Managing Overachievers vs. Underachievers

Mission Control Center in 2004 A person on a management forum recently asked if we would rather manage an overachiever or an underachiever. It probably comes as no surprise that I would rather manage an overachiever, but I’ve worked with both and there are a few different things that we need to recognize.

For overachievers, you need to make sure that they don’t work too hard or too much. I was once told that the most important job a manager at NASA has is to make sure that their staff take a lunch break. People who are tired and hungry make mistakes, and those mistakes can have serious consequences. In addition to regular breaks, I also think it’s important to make sure that people aren’t working more than 40 hours a week or around eight hours a day. People need time to rest and recuperate, and working more hours in a week actually leads to a reduction in productivity, such that those additional hours are wasted and there may be an overall net loss of productive work.

Overachievers can be perfectionists as well, and you need to make sure that they don’t get hung up on trying to achieve perfection and never move on to the next task. You must eventually coach them into understanding that a particular piece of work can be “good enough,” and they can ship it out as-is. Spending too much time chasing diminishing returns is of no benefit to anybody.

Last for overachievers, you need to make sure that they don’t try to do everything themselves. Channel their energy into the things that they do best, and help them to either release their sense of responsibility for all of the work that could be done, or help them to learn to delegate. Overachievers are likely to take responsibility naturally, so you’re not going to have the problem of finding work for them to do. Rather, you need to make sure that the work with which they are engaged plays to their strengths, so that the organization realizes maximum value from their effort.

For underachievers, you need to engage them and make sure that the work gets done. It’s not impossible to turn an underachiever into an autonomous and highly contributing team member, but it is unlikely. In my experience, underachievers are best used for what I would call “mechanical” tasks; things that don’t require a lot of creative thought or complex problem-solving, but which still need to get done.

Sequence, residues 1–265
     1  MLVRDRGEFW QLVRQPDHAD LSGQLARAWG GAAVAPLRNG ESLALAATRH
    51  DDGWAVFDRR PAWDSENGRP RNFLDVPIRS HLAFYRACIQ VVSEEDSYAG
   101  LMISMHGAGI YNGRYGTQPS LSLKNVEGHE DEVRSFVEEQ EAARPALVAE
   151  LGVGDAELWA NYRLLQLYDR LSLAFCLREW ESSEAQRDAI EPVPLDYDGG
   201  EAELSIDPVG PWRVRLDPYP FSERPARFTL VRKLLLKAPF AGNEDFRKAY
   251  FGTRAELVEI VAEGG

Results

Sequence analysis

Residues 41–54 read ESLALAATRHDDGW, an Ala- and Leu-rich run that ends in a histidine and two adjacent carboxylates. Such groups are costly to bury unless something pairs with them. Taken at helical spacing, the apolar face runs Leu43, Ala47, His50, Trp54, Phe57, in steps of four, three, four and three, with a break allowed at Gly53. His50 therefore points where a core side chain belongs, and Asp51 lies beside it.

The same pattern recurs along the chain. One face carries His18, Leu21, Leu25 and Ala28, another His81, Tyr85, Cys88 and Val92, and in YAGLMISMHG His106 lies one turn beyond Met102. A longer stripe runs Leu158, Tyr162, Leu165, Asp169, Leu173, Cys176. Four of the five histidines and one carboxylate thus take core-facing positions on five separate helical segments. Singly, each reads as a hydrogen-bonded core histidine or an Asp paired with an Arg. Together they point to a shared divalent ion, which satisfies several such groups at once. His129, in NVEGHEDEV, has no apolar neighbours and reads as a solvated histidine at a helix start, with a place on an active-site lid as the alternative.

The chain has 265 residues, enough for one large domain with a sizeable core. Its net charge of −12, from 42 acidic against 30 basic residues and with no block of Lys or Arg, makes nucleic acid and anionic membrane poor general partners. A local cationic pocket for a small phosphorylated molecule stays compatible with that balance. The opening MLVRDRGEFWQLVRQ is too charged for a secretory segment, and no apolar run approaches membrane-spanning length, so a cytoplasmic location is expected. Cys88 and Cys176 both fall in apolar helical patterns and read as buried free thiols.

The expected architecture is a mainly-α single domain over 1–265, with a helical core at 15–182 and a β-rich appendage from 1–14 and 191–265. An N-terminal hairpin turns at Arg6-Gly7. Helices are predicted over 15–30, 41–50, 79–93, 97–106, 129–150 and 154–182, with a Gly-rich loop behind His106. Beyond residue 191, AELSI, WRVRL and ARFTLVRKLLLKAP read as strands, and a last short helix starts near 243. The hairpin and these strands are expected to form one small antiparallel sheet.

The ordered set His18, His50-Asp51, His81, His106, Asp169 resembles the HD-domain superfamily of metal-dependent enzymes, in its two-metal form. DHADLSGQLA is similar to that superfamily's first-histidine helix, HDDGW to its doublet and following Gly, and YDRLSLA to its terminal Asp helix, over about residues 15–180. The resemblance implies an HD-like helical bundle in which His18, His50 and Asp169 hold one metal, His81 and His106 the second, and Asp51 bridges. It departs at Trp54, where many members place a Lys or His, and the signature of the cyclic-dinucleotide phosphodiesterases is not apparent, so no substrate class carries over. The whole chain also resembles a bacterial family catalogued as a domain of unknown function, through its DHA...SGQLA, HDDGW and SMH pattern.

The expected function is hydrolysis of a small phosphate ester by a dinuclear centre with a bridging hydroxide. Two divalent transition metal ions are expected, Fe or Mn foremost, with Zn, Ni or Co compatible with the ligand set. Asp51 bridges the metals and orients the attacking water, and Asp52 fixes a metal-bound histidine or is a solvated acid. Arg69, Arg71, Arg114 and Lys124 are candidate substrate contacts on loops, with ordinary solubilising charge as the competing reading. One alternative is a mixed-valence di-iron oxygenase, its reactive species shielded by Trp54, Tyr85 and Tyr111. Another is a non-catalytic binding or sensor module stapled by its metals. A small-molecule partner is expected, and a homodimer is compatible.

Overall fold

While I prefer overachievers, it doesn’t mean that underachievers don’t have a place in any business. Along with my principle of getting work “done enough” so we can move on to the next thing, I view an under-motivated employee as “good enough” for a lot of work. Not everything needs to be done to an awesome level, it just needs to be done.

Last on underachievers, in my experience, the reason they’re not an overachiever isn’t because they are lazy, or dumb, or uneducated. Rather, it is typically they simply have other values or goals.

I’ve known many people who worked dead-end jobs and never got a college degree. In many circles, they would be labeled as an underachiever, but in reality they simply had a different value. Instead of spending time pursuing an education, or working the dozens and hundreds of extra hours needed to climb a career ladder, they invested that time in their family, or their community, instead. Maybe they’re underachieving at work, but that doesn’t mean that they’re underachieving at life.

Understanding people’s motivations and what they value is vital for every manager. If we don’t work to understand our employees, then we will never realize their true potential. If we invest the time to get to know them, and why they do what they do, we can channel that to make sure that, not only are we getting the most value from them, but that they feel valued.

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